HOPING FOR A DIFFERENT ENDING WASHINGTON PUTS ADVERSITY BEHIND HIM.
One of the first players out of the locker room after the Rose Bowl last New Year's Day was in a hurry.
His gear clung over his shoulder, Chauncey Washington marched out purposefully, uttering little. It was clear he wasn't in a rush to go out and celebrate USC's 32-18 victory against Michigan.
Two carries, eight yards. It was an ignominious finish to the season for the junior who had pointed to the 2006 campaign in search of redemption for a career that had careened to the wayside.
Washington didn't want to go through it again. His first instinct was to get out, to put his football fate in the hands of the NFL.
USC's running game late in the '06season would have improved if it merely had been productive in fits and starts. Instead, coach Pete Carroll finally turned quarterback John David Booty and receiver Dwayne Jarrett loose to soar past the Wolverines.
That stung the running backs, particularly Washington.
"It was just a frustration thing," Washington said of his hasty exit from a locker room full of players absorbed in celebration. "We didn't run the ball at all and I guess the reason was the coaches didn't think we needed to run the ball to win the game.
"It was like kind of iffy what I wanted to do after the game was over. I had to sit back and think and talk to my dad and talk to coach Carroll and see what the best thing was for me to do."
At 6-foot and 240 pounds, Washington carried an NFL stature for a running back. He also had injuries in his past, like the nagging hamstring pull he lugged around during the 2006 season, and he had yet to endure an entire school year without clearing all academic eligibility hurdles.
As he has throughout his life, he turned to dad.
Charles Washington had already scraped together a year of tuition money to keep Chauncey in school after his grade woes cost him his scholarship.
"We had a deep conversation," Charles Washington said. "I had to really sit down and talk one-on-one, two or three times over the course of the week after the bowl game, because he was upset he didn't play that much.
"I had to lay out what was ahead: He could be the main focus of the team, be the No. 1 tailback if he stayed healthy and kept his grades up.
"For a couple of days, he sat on it, marinated, and came back and said, 'Dad, you know what? I want to talk to you again. I thought about it and you're right."'
Even with the Father Knows Best karma in play, Washington said: "It was real close. But I didn't reach that point where I decided to leave."
Washington rarely appears upset, but in early January, he couldn't hide it.
"He wasn't a happy camper because he was 240 pounds," running backs coach Todd McNair said. "He shouldn't have been happy because he was 25 pounds overweight.
"He could have had a better year (in '06). He got hurt in the summer, didn't get in the best of shape, had to battle injuries the whole year. He couldn't practice too much because of his knee, his hamstring. He knew he had another year in him. To me it was a no-brainer. Come back, heal up, get back in shape and have a better senior year increase his value."
Washington went to work. He actually tried the Subway diet -- no truth to the rumor he was trying to cut in on former teammate Reggie Bush's endorsement money -- before he joined forces with USC strength and conditioning coach Chris Carlisle, who never really had Washington under his guidance on a full-time basis.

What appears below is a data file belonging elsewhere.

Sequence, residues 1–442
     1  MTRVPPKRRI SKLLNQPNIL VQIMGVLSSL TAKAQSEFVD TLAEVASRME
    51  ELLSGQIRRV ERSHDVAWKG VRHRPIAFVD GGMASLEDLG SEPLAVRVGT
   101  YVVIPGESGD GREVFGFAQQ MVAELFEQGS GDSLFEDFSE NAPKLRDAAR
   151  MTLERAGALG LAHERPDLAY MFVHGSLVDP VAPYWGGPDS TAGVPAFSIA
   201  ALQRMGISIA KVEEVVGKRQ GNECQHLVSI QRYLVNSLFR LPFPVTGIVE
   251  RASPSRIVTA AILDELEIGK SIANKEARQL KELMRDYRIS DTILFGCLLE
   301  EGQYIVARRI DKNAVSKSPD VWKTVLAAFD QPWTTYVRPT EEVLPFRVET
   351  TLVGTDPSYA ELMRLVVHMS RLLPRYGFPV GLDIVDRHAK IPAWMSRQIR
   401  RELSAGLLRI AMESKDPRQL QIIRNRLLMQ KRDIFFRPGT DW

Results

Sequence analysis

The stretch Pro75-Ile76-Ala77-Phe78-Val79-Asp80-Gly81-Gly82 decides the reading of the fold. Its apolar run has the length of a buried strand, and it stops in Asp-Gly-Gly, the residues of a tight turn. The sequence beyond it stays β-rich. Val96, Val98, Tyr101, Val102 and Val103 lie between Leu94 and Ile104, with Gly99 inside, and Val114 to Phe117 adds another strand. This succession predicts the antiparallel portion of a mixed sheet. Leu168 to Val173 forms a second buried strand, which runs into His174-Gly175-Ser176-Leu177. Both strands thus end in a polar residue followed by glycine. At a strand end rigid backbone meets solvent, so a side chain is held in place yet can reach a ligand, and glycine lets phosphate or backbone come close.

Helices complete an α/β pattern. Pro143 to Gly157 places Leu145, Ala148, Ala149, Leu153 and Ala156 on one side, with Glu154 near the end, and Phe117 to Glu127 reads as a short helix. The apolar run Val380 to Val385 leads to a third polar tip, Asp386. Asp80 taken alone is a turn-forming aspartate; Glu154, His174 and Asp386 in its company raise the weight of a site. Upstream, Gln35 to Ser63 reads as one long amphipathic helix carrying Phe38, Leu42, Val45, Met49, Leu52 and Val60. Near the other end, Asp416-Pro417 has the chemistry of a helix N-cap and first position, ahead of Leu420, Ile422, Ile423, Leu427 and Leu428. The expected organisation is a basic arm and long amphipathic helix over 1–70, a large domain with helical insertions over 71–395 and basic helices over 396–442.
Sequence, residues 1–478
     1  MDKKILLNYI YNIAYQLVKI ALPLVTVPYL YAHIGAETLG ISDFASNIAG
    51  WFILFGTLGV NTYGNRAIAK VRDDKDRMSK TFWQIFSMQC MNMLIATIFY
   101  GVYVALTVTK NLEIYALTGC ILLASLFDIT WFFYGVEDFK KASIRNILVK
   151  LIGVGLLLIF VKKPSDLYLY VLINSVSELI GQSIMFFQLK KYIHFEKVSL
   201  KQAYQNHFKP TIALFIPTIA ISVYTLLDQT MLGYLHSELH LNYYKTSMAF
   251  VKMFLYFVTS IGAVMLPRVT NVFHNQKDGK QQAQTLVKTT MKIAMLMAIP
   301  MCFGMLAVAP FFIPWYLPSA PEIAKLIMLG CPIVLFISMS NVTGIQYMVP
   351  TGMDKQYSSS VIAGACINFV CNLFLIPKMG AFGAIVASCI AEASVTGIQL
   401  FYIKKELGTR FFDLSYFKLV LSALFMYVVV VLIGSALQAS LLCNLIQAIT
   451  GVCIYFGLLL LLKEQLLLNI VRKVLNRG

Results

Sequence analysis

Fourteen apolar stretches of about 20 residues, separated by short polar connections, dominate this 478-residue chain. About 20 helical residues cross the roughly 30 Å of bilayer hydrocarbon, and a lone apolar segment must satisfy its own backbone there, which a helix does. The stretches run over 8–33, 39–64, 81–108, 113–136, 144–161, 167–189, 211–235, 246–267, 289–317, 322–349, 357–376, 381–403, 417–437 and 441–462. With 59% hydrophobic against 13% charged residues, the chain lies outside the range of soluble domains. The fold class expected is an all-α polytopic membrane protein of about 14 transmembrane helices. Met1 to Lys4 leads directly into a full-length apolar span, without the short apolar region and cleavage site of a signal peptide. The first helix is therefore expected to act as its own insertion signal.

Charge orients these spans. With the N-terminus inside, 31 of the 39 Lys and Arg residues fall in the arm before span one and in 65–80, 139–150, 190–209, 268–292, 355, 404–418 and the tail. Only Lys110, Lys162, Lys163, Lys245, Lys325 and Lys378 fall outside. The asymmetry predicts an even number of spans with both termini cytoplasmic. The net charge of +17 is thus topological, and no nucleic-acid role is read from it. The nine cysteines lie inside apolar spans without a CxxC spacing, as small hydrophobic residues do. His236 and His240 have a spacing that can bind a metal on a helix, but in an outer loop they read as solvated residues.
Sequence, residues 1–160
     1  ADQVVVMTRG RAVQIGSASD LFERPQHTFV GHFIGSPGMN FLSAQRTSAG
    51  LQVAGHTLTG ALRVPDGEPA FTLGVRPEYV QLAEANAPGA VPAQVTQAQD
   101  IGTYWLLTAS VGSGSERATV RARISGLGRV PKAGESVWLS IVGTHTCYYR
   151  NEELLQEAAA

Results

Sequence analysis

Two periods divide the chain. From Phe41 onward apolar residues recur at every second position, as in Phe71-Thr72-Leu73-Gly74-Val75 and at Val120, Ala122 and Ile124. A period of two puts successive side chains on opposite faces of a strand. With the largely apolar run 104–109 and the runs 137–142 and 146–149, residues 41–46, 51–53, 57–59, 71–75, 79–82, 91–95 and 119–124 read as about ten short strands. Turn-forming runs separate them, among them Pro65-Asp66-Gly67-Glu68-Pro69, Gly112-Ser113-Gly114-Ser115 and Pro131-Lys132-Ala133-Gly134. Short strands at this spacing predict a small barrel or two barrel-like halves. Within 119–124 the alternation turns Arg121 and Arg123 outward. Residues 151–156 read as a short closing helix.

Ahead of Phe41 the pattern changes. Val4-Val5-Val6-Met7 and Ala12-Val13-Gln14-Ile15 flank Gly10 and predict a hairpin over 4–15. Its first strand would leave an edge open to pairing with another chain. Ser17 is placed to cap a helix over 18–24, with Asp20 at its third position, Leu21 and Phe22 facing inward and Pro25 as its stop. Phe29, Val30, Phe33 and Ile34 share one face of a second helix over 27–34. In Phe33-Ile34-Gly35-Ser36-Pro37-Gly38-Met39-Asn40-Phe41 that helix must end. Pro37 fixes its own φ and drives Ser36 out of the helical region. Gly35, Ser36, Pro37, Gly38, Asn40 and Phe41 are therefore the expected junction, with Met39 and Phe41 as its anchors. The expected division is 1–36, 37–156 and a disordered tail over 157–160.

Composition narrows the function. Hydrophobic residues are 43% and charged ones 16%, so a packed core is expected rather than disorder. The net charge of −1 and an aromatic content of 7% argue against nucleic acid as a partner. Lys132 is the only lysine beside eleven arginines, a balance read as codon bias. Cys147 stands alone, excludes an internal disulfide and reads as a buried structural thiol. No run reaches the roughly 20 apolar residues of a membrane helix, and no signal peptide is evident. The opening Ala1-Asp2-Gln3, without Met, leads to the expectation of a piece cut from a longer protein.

"I found out for athletes, Subway isn't the best thing to eat daily," Washington said, smiling. "Well, it is instead of going out and eating Burger King or something like that.
"For me, I needed to stay away from carbs and eat a lot of protein. Eat a lot of meat, steaks, vegetables, egg whites, oatmeal in the morning. I was basically living at Trader Joe's."
And once again, learning how to deal with adversity.
"You're always missing some pieces," Washington said. "You think you've got it all together but there's always some other pieces and there's always ways to get better on the field and off the field. Coach Carroll teaches us like it's a job. If you have to go out there in the real world, you still have to compete. Office job, whatever you have to do."
Washington competed against himself. And when he arrived at preseason camp, he was leaner than he had been even at SouthTorrance High.
His weight was down to 216 on the day he reported and was faster than ever.
It showed in the team's first scrimmage, when he ripped off a 78-yard run. But in the third scrimmage, a little more than a week before the opener against Idaho, he sprained his shoulder.
Here we go again?
"No, I'm used to it now," Washington said. "If you're a football player, you're always going to have nagging injuries. You've got to be positive aboutit."
So he arrives in Nebraska today ready to join his teammates for Saturday's game with the Cornhuskers. Sophomore C.J. Gable (Sylmar High) will start, but Carroll has already said Washington will get playing time in the firstquarter.
Thursday, he was smiling. The Rose Bowl was hardly a memory for him anymore.
UCLA at Utah,
2 p.m., Rice- Eccles Stadium.
(1 -- color) Chauncey Washington led the Trojans in rushing with 744 yards and nine touchdowns last season as a junior, but was held out of the '07 opener.
Scott Varley/Staff Photographer
(2) Chauncey Washington led the Trojans in rushing with 744 yards and nine touchdowns last season as a junior, but was held out of the '07 opener.
Scott Varley/Staff Photographer
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|Publication:||Daily News (Los Angeles, CA)|
|Date:||Sep 14, 2007|
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